Hi name is Mimi and I’m 15 years old. your article is so much similar to mine. I’m in highschool and I’m pressured to do something I just don’t want to. in my club they want me to be an high officer and I truly don’t want to be in the club anymore and they are seniors so I’m like the successor basically. I know I don’t want this and I’m not happy with myself. Its a huge decision and responsibility for me. I’m just afraid that I’ll disappoint them. what do you think I should do in this situation? I really need help urgently. Also I’m an introvert as well!

  • Hi there,

    I think it’s wonderful that you don’t want to disappoint people, but if you put other people’s wants first, you’ll disappoint yourself. If you’re not happy and this isn’t for you, I say speak up. It may be scary, but it will be a good opportunity to practicing voicing what you want–something you’ll need to do many times in life. They may be disappointed, but they will respect that you’re doing what’s best for you.

    Good luck!


  • Matej Koyš

    I see I´m not the only one feeling so.. Thank you Lori, this post quiet opened my eyes.
    We should really do what feels right to us. A few months ago a got an offer from a MLM company which deals with coffee and I really liked that idea. And also the psychology behind it, that we do what we are most afraid of at first so you later can do what you like and enjoy. But at a certain point you find out, that you not just dislike but really hate it and that´s a clear signal. Opportunities come and go. I am also introvert as many of you, but that´s not a handicap, vice versa.. Hi, I am Matej and I want to be a great architect!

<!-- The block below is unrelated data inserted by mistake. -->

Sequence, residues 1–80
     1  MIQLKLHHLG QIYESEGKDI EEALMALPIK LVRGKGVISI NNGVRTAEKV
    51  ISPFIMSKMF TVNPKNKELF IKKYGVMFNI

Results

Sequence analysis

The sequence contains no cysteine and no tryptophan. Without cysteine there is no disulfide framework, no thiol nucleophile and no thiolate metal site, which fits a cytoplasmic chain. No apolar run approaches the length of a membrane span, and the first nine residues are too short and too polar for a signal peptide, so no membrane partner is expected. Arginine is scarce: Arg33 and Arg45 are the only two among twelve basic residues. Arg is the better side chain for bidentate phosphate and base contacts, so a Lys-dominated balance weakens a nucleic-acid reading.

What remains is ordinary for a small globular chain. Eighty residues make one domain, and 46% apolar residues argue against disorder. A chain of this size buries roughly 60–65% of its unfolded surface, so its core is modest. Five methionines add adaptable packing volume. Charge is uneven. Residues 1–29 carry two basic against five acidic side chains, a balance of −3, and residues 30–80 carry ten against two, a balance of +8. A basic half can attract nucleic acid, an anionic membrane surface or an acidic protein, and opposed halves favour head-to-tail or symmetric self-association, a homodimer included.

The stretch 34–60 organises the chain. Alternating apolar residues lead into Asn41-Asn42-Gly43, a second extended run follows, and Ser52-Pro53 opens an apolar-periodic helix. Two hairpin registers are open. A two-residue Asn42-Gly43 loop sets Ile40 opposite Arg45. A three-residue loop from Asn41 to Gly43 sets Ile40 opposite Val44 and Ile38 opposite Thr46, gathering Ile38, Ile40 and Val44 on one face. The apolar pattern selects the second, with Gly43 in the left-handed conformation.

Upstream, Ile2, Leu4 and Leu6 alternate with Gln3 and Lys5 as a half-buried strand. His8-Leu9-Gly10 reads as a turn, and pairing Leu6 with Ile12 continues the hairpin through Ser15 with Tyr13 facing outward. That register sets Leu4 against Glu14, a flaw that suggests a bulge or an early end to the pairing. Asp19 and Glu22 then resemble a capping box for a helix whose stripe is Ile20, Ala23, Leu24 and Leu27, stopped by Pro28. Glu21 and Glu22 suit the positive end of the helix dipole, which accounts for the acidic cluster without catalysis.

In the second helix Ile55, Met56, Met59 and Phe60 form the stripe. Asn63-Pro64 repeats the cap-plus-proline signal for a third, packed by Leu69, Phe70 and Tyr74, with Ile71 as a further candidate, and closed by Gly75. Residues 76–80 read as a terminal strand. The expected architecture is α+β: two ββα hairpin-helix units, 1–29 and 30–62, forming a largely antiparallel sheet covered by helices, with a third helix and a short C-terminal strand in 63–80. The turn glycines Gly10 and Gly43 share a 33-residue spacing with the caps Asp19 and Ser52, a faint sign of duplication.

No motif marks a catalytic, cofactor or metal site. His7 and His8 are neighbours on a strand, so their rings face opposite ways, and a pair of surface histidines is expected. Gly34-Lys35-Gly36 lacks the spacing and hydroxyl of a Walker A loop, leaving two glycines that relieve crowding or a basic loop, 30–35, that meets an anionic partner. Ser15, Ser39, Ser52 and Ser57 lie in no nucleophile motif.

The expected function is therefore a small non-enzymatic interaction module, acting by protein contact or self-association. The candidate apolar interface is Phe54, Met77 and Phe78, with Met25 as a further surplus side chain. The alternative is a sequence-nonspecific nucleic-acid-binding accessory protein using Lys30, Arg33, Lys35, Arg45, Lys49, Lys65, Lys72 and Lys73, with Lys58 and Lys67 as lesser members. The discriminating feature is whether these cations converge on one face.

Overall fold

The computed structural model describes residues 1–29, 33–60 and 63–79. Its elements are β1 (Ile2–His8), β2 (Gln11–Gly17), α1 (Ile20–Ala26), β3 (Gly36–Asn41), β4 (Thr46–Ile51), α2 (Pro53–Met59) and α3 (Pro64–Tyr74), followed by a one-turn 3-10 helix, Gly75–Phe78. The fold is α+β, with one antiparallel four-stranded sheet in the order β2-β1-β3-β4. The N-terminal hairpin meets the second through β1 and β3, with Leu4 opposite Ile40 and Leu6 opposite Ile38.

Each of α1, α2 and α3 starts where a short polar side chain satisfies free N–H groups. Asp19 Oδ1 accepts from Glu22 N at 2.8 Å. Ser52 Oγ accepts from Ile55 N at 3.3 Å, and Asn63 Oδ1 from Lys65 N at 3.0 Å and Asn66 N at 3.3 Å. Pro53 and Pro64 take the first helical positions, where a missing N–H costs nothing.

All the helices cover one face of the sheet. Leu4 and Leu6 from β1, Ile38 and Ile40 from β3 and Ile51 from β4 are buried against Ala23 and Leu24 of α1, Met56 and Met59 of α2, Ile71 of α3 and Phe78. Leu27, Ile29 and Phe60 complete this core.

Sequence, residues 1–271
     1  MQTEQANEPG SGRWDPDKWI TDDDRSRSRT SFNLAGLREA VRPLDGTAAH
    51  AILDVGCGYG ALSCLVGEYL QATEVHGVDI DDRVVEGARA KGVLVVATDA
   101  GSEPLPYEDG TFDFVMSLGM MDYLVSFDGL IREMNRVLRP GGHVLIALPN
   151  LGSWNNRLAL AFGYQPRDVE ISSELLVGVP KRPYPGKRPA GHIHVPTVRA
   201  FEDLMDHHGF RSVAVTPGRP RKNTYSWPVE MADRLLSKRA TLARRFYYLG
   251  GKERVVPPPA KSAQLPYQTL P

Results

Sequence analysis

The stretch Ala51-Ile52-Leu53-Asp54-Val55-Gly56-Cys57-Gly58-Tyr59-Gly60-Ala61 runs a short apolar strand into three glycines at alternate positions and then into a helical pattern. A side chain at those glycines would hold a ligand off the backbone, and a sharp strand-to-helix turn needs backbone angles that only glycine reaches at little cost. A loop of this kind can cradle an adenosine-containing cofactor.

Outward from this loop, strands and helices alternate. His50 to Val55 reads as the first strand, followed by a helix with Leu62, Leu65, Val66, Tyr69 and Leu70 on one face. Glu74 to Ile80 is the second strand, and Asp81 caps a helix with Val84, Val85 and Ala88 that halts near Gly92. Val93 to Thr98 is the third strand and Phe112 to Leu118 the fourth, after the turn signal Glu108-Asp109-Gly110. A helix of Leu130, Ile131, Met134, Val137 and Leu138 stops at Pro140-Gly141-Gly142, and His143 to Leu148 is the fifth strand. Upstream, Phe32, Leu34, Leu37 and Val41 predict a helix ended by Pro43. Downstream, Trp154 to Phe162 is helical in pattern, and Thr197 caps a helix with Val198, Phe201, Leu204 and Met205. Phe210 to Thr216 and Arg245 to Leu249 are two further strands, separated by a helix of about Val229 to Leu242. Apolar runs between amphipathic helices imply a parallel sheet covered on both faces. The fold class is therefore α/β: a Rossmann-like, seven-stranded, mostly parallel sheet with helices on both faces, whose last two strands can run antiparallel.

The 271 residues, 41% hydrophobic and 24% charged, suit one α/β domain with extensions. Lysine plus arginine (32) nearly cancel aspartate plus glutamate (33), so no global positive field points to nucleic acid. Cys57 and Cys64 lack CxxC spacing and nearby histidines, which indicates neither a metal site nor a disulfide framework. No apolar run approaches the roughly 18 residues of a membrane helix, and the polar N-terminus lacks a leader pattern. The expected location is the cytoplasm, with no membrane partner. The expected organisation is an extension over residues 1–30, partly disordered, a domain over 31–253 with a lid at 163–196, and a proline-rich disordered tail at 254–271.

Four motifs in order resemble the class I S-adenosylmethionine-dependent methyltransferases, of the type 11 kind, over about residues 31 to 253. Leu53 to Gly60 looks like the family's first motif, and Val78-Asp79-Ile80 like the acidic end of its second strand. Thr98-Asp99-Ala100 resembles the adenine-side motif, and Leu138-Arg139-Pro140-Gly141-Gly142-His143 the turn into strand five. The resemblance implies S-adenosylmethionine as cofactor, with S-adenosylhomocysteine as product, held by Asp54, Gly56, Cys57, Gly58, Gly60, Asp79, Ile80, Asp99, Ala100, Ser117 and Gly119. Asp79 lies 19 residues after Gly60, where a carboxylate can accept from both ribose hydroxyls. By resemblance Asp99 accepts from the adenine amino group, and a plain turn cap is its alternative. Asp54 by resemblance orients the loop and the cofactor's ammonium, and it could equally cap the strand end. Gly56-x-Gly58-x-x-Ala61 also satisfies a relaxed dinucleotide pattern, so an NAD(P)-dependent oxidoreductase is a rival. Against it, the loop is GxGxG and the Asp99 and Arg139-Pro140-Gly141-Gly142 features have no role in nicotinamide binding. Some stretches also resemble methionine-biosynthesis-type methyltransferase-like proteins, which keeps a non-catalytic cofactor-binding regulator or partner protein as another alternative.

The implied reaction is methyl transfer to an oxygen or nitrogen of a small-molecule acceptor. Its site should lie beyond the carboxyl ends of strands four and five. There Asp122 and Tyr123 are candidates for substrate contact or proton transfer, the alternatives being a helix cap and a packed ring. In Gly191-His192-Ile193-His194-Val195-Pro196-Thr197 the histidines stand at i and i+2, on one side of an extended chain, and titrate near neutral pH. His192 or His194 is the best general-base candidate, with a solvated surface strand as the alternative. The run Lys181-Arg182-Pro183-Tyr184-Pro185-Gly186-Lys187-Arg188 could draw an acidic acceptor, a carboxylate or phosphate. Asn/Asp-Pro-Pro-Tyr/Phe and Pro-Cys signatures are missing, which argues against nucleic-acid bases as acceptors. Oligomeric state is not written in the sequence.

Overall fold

I am really looking forward to hear more from you.

  • Hi Matej,

    It’s nice to e-meet you! And you’re most welcome. I’m glad this was helpful to you. =)


  • Svetlana

    Have you ever watched a movie that you didn’t want to?

  • Zara Seewonder

    Thank you for this! I feel like I need to do a certain action to get me to a certain place but I feel so constricted and so closed off, I don’t even know if it’s the right action. I gotta go do something else.

  • Jon

    This article found me at the perfect time. I’m glad I found it. Thank you for sharing your perspective. 🙂 it was reassuring for me to validate myself and how I feel and what I want to do.

  • You’re most welcome, Jon! Glad this was helpful to you. =)

  • Jon

    I have musician colleagues who put on concerts and ask me to come. I love them, but at the same time, don’t always particularly enjoy sitting through concerts. Perhaps it has a fear of commitment and inability to escape shadow, but if I were being honest, concerts aren’t my favorite, low resistance activity in terms of solo recitals. Hi, I am Jon, and I don’t particularly enjoy going to concerts, especially long ones where sitting is involved. 🙂 Blessing and discovery and peace for all.

  • Anna B

    I really needed this today! I am a first-year at a really huge university and they always say you need to network to “get somewhere.” I kind of got myself into government and now I realize it’s not something I want. I don’t want to have to “make myself known” so that I can get positions. Truth be told, I like being on the DL and just doing things that involve helping other people. Like you mentioned, I felt conflicted because I feel like I need to be super involved and socialize, etc. esp. with others pressuring me to run for senate and such but…sometimes you just have to listen to that little inner voice that tells you what’s right for you. 🙂 Thank you!

  • Juliana Morales

    Great post. A nice swift reminder for me to get to know myself once more. And set some boundaries to better preserve my energy for the things that truly matter.